After Zack Greinke was traded to the Angels and Cole Hamels worked out a contract extension with the Phillies, James Shields became the pitcher that every GM wanted to get their hands on.
CBS Sports' Jon Heyman reported back in July that the Rays were seeking a package of prospects better than what the Brewers received for Greinke, and such a high asking price likely prevented him from being moved.
Tampa Bay holds a $9 million option on Shields for the 2013 season, and the team will exercise it. But the $12 million option that the team holds for 2014 is undeniably going to be far too expensive for the frugal Rays, and because of that, they'll look to move him.
While there hasn't been much recent chatter revolving around Shields, you can be sure that it's going to pick up significantly after the season ends.
Jurickson Profar will be starting at shortstop for the Rangers in 2013, which brings up the question: What will the Rangers do with All-Star incumbent Elvis Andrus?
Trade him, if you ask the Arizona Republic's Nick Piecoro, who speculates that an Andrus-for-Justin Upton deal makes a ton of sense for both the Rangers and Diamondbacks.
If you think about it, it really does seem a like a deal where both teams come out as winners.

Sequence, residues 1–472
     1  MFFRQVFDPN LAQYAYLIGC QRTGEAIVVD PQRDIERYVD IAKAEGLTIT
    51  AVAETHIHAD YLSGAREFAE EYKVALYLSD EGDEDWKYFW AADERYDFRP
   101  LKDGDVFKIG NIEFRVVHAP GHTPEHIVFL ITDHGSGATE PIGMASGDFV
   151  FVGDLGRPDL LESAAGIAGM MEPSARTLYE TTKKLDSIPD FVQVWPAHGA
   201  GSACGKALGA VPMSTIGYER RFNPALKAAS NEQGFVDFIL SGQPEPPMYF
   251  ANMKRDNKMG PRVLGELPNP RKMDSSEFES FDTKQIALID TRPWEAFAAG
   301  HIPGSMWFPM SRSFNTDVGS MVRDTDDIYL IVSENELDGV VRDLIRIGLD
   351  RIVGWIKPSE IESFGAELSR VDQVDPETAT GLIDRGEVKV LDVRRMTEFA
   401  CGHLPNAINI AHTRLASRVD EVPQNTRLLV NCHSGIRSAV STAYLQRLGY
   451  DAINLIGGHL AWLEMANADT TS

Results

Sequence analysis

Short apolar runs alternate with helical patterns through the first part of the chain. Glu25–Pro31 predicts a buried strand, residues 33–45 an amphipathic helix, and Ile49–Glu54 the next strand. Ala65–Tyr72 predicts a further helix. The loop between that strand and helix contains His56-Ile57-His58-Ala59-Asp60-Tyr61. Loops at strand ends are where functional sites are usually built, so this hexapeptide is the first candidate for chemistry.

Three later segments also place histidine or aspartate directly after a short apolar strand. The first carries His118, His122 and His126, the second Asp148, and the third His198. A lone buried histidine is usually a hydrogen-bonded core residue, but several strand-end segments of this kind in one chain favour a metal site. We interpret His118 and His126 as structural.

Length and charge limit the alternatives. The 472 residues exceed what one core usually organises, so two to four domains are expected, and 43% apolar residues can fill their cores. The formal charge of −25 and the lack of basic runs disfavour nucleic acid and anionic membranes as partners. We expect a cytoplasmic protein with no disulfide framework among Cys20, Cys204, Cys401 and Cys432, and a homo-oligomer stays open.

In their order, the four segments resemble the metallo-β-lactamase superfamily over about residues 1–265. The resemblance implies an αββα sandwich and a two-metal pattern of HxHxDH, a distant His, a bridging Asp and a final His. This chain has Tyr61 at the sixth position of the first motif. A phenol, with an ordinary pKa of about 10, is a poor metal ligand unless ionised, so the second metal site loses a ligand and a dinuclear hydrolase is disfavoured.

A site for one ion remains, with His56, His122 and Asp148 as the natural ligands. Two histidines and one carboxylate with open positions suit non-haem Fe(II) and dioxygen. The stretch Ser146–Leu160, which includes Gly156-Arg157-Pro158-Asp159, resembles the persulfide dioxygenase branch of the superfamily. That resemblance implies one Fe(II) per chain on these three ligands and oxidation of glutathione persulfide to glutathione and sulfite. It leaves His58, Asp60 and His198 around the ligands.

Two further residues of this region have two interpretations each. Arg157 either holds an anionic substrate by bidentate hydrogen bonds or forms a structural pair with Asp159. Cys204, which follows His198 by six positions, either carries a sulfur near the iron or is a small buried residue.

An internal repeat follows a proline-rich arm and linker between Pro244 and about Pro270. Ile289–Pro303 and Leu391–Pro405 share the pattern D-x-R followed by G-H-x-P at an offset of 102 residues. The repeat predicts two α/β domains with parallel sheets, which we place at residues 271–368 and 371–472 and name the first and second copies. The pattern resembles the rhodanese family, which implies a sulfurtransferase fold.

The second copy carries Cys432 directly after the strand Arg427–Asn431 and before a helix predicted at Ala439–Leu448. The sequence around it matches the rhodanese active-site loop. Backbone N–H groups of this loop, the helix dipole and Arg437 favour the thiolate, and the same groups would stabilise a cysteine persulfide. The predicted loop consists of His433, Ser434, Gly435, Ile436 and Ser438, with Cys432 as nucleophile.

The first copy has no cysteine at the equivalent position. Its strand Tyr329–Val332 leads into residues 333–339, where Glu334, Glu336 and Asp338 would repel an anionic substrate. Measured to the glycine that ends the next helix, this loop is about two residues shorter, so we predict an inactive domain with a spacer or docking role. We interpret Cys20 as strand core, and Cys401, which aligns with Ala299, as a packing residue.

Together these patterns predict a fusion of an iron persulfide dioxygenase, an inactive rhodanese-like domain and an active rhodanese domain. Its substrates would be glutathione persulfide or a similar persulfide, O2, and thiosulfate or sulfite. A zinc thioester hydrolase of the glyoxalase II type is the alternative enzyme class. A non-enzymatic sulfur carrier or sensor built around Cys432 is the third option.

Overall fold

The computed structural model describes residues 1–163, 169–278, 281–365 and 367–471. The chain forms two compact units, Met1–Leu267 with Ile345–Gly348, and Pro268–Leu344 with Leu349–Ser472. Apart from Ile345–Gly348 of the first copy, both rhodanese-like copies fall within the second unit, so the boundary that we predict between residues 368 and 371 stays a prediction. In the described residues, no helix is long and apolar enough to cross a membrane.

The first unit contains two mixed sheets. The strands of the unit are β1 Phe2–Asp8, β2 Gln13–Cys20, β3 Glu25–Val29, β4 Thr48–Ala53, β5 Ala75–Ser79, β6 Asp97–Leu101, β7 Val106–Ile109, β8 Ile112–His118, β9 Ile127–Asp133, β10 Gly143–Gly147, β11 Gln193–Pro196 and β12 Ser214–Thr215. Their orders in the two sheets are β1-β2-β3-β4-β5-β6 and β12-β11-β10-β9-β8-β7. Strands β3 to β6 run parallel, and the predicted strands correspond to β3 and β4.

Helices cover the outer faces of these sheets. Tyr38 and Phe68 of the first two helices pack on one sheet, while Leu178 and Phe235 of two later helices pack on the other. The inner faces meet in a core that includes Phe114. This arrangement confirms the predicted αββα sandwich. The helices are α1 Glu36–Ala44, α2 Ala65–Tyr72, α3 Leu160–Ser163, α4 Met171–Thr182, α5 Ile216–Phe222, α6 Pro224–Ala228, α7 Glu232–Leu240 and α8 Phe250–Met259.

Andrus would fill a gaping hole on the left side of the Diamondbacks' infield, while Upton would add another powerful bat to the Rangers' lineup and serve as someone who could replace some of Josh Hamilton's production should the All-Star leave Texas as a free agent.
With the Blue Jays ready to move forward with prospect Adeiny Hechavarria as their everyday shortstop, CBS Sports' Danny Knobler reports that the team will look to move 29-year-old incumbent Yunel Escobar this winter.
Escobar was rumored to be heading to the A's at one point this season, but talks broke down and the A's acquired Stephen Drew from the Diamondbacks. But with Drew struggling to hit in Oakland, the two teams could revisit talks this winter.
He's under team control through the 2015 season at a reasonable $5 million per year, with the 2014 and 2015 seasons being team options. For someone who has been a consistent contributor on offense and not a major liability on defense, that's a more-than-reasonable salary.
Even with his recent three-game suspension by the Blue Jays for writing a gay slur on his eye black, there will be a market for Escobar this winter.
Mike Morse's future in Washington is largely tied to what the Nationals decide to do with first baseman Adam LaRoche and what they do in free agency.
ESPN's Jayson Stark reports that the Nationals are giving serious thought to exercising their $10 million team option on LaRoche, keeping him at first base. If the team goes out and signs a center fielder (like Michael Bourn or B.J. Upton) as many believe that they will, that makes Morse a man without a position.
Morse, who turns 31 years old next March, is a versatile player who can play both corner spots in the outfield, as well as first base. He is due a reasonable $6.75 million for 2013, the last year of his contract.
Were he to be made available, a number of teams could be interested in him, including the Yankees, who will likely be looking to replace Nick Swisher in right field this winter.